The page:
If your response to having your washing machine regularly sending you text messages is ‘Why?’, you’re not alone. While it’s all good fun from a technical standpoint and exciting to tech-savvy pioneers in the area, the general public hasn’t really embraced IoT to date. As highlighted in CNET’s Top 5 video list of Appliances for the Super-rich, the US$8,500 smart grill and the US$10,000 connected oven look like fantastic toys with their ability to interact with recipes online and cook your food for you, but not something I’ll be buying any time soon on my family budget.
That said, not all IoT has to be expensive. Microsoft has invested heavily in creating a Windows 10 core for IoT devices including the US$35 Raspberry Pi 2, so cost doesn’t always have to be a factor. However, after you’ve put the Windows 10 installation on it – which I need to stress isn’t anything like running Windows 10 on a desktop – the first question you’re likely to ask is ‘Okay, now what do I do?’ Personally I love the Raspberry Pi 2, running OpenELEC on mine as a fantastic media centre, and it’s important to recognise that the Pi is a remarkably capable quad-core computer so to put it in the IoT category is probably a little insulting. It does illustrate the point though that a fair bit of technical expertise is required to do anything meaningful with such devices, putting a lot of the benefits of IoT out of the reach of most consumers.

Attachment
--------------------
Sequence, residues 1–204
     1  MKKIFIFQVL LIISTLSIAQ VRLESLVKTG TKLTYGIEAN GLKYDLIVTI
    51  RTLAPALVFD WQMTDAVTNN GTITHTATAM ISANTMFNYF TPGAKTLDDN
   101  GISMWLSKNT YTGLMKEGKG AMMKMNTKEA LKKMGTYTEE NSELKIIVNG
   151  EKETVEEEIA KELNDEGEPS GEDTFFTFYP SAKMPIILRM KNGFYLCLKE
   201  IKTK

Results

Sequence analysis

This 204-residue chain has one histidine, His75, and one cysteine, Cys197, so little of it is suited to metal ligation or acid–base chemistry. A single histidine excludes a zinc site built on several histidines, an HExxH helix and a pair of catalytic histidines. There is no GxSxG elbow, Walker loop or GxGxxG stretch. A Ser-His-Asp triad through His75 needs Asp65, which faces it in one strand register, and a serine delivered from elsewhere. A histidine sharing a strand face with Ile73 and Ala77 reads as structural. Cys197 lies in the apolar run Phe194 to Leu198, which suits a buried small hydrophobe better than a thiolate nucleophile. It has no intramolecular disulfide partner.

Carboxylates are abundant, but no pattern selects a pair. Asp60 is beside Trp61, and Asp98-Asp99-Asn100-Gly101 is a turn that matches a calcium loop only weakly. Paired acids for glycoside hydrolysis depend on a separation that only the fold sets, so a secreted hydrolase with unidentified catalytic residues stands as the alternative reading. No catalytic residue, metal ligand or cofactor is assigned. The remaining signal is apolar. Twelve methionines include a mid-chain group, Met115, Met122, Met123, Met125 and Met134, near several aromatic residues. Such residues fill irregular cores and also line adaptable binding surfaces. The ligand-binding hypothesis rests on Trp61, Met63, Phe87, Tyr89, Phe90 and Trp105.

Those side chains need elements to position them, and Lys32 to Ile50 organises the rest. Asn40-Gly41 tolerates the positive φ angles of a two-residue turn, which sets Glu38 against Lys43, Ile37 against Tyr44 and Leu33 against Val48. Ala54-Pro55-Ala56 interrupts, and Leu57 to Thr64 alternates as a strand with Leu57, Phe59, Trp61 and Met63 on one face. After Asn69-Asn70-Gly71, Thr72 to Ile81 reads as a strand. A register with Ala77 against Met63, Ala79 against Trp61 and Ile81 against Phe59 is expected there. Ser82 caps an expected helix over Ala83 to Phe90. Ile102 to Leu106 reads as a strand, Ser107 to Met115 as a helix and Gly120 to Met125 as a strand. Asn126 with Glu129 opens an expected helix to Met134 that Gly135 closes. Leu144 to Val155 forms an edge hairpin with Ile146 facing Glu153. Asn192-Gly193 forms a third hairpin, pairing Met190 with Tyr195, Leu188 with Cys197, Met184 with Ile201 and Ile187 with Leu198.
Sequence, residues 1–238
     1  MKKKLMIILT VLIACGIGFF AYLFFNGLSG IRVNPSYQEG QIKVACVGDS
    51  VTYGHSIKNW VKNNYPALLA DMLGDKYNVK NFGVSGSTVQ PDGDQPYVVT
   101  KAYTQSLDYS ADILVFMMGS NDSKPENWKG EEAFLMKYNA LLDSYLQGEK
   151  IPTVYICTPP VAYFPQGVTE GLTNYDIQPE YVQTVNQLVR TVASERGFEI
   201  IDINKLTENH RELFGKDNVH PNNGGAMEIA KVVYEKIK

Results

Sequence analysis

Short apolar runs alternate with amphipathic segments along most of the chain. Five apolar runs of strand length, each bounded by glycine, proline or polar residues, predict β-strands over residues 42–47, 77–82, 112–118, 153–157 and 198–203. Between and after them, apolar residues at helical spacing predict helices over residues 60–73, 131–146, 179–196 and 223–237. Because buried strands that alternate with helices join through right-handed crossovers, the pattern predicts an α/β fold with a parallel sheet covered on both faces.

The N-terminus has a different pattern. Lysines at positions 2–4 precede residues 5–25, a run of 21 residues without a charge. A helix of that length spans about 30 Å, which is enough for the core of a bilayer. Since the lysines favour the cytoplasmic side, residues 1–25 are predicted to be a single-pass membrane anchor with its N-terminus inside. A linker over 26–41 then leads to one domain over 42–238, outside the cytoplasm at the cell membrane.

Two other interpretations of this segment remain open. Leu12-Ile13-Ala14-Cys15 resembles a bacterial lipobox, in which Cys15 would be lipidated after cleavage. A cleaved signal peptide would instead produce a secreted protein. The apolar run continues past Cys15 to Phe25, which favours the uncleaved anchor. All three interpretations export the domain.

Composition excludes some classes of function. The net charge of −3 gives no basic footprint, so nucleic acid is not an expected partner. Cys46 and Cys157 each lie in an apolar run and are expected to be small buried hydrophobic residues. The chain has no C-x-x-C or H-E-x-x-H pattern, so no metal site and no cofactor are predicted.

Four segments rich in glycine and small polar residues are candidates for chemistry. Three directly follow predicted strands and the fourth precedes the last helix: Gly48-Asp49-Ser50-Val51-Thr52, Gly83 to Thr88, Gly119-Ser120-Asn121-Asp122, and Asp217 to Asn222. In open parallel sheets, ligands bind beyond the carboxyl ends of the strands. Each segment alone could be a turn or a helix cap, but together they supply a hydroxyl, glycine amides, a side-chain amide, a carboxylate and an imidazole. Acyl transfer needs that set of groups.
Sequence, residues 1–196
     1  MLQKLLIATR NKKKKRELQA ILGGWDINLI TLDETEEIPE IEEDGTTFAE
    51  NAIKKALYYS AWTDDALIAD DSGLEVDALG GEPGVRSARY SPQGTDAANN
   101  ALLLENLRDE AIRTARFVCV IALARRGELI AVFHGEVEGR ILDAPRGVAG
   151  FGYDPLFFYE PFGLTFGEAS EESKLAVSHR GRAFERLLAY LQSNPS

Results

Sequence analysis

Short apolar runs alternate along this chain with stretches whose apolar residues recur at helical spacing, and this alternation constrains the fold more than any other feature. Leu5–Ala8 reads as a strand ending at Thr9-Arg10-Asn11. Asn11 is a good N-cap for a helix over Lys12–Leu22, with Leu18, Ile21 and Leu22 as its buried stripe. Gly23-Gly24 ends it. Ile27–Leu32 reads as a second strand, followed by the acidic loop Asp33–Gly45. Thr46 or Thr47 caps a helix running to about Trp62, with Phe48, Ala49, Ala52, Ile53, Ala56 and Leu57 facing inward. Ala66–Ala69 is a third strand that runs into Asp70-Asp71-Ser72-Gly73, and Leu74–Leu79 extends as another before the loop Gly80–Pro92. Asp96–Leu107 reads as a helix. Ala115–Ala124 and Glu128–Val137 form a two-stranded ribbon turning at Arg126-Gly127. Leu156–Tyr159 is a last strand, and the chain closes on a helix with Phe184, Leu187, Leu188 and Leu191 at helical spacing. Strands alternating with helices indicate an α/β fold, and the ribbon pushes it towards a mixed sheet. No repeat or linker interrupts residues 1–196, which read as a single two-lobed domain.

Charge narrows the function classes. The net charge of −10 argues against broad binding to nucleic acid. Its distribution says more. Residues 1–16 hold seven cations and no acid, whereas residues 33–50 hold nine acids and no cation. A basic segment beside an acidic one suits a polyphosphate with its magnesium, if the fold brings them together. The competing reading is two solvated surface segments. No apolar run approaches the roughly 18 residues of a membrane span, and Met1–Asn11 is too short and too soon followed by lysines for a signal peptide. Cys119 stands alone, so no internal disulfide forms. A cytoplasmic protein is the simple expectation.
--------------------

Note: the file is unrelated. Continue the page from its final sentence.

The tremendous access potential
While you may not be thinking of connecting your toaster to your wi-fi any time soon, I can’t overstate how important that IoT could be to people with disabilities. To take the connected washing machine as an example, imagine how useful that would be if you use a wheelchair and can’t normally get to the recessed buttons located on the top of such an appliance, but now it doesn’t matter because you can run the whole thing in an app. Imagine how beneficial the smart oven would be if you are blind and unable to read a recipe book – it doesn’t matter because the oven will just get the recipe off the web for you. Taking it one step further, imagine if you can just throw ingredients into a box and, using image detection software not-so-dissimilar to what Google use now, your device figures out what the ingredients are, all the things you can cook with them and provides five options it wants to cook for your dinner.